At a meeting of the European Parliament Committee on Legal Affairs (JURI) on 19 June, European Commission Vice-President Andrus Ansip made a statement that was both shocking and shockingly honest. He advertised the content filtering product of the US company Audible Magic as an affordable alternative to Google’s Content ID filtering technology for filtering European citizens’ uploads to the internet.
He explained, entirely incorrectly, that the cost of “Audible Magic” – for an internet hosting company of unspecified size and unspecified activities – was “only 400 bucks”. This is not only a tiny fraction of the actual cost, but also a fraction of the amount in the Commission’s own impact assessment, 900 Euro. That, in turn, is only a fraction of the services fees listed on the website of “Audible Magic”, which is only a fraction of the real costs shown by a study on shortcomings of content detection tools.
Commissioner Ansip, also entirely incorrectly, gave the impression that the obligation in the Copyright Directive to filter content only applies to audio or audiovisual content. In reality, the obligation to filter all uploads covers everything that can be protected by copyright – also contents such as text and pictures or other protected works.
The confirmation of the real meaning of the Copyright Directive contradicts much of the work of copyright lobbyists, who have been “explaining” to the European Parliament that the Commission proposal does not require filtering or monitoring of citizens’ communications.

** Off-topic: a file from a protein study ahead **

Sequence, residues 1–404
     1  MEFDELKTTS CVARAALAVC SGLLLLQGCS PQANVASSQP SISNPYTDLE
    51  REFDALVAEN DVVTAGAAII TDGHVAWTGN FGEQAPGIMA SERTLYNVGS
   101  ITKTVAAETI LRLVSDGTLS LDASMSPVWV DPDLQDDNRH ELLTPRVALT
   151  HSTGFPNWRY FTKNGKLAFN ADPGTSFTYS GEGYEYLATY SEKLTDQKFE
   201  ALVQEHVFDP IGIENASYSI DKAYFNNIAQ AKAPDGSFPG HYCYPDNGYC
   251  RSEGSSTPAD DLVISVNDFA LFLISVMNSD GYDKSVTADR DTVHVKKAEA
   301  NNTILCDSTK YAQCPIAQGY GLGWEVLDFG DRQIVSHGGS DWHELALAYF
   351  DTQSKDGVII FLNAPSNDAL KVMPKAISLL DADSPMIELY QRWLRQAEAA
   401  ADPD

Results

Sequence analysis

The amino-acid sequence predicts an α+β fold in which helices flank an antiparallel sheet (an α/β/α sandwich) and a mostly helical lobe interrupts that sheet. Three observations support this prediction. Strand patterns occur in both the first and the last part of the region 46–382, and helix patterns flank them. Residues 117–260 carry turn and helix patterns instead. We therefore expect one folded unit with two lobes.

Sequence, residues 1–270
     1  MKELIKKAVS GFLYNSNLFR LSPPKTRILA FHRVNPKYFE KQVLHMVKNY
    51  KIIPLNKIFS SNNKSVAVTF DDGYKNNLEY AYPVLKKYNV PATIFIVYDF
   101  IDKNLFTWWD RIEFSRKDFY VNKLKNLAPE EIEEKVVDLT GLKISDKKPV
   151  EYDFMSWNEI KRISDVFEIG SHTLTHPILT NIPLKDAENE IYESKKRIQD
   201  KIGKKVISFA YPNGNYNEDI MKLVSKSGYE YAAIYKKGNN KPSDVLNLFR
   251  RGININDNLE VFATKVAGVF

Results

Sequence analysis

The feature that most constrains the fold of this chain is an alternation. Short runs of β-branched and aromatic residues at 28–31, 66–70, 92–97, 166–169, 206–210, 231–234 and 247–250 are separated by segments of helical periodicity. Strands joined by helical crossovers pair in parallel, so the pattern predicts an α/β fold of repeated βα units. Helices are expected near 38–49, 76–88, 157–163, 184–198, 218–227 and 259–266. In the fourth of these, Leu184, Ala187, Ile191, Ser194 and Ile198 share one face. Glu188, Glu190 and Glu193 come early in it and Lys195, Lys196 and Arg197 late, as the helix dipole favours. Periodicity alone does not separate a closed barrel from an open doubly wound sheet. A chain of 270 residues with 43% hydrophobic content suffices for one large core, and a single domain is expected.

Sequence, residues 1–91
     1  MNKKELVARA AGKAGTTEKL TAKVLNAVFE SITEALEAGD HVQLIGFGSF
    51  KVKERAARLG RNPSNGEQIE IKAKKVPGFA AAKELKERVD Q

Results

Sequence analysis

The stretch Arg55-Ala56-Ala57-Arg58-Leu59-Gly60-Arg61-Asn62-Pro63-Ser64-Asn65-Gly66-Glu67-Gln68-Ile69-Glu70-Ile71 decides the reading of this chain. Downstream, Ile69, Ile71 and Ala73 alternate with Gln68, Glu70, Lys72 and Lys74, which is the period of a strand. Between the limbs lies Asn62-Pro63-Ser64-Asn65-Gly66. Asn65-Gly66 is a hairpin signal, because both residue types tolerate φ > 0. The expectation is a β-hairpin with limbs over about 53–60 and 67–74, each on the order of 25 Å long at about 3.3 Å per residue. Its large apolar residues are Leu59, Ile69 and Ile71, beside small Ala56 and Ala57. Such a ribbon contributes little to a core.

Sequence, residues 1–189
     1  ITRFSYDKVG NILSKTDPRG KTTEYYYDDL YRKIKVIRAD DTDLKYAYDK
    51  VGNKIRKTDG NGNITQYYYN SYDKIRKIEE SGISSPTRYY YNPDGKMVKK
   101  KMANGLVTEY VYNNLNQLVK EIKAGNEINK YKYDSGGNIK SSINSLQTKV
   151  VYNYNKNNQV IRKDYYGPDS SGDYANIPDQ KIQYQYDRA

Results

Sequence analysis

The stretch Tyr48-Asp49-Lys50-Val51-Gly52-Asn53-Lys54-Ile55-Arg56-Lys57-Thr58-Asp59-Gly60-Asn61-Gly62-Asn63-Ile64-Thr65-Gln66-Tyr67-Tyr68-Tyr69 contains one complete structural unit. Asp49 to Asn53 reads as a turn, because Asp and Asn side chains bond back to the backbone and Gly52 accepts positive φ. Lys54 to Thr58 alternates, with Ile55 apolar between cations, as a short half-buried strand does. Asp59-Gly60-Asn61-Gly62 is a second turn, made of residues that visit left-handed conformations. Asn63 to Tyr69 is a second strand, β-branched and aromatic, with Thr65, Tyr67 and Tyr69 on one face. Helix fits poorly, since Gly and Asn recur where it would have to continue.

However, the most important point is that Ansip explicitly admitted that Audible Magic would enable the providers to fulfil their obligations under Article 13 of the proposed Directive. In the Scarlet/Sabam case, the Court of Justice of the European Union (CJEU) explicitly prohibited a legal requirement for internet access providers to use Audible Magic, on the basis that it would be a breach of the right to privacy, of the freedom to conduct a business, and of the freedom to receive and impart information. The Court worried in particular about the reduction of the right to use copyright exceptions and limitations.
In the Netlog/Sabam case, the CJEU again looked at mandatory filtering, this time for a hosting service (a social network). It again ruled that this kind of obligation for filtering uploads was not acceptable, with reasoning that was broadly identical to the Scarlet/Sabam case.
The question now is, in whose benefit is it to have a Directive that is demonstrably illegal? It hardly helps rightsholders to have a Directive that won’t survive court scrutiny, and it certainly does not help citizens. The only benefit might be for the Commission’s ambition to coerce internet companies into “voluntary” privatised law enforcement measures – legal uncertainty is a blunt but effective tool to make the providers “an offer they can’t refuse”.
Video: Why is the EU Commission pushing for illegal copyright filtering?
There are some things money can’t buy. For everything else, there’s Audible Magic! (21.06.2017)
Proposal for a Directive of the European Parliament and of the Council on copyright in the Digital Single Market (14.09.2016)
Deconstructing the Article 13 of the Copyright proposal of the European Commission, revision 2
Copyright reform: Document pool
Scarlet v SABAM: a win for fundamental rights and Internet freedoms (30.11.2011)
SABAM vs Netlog – another important ruling for fundamental rights (12.02.2012)
(Contribution by Joe McNamee, EDRi)close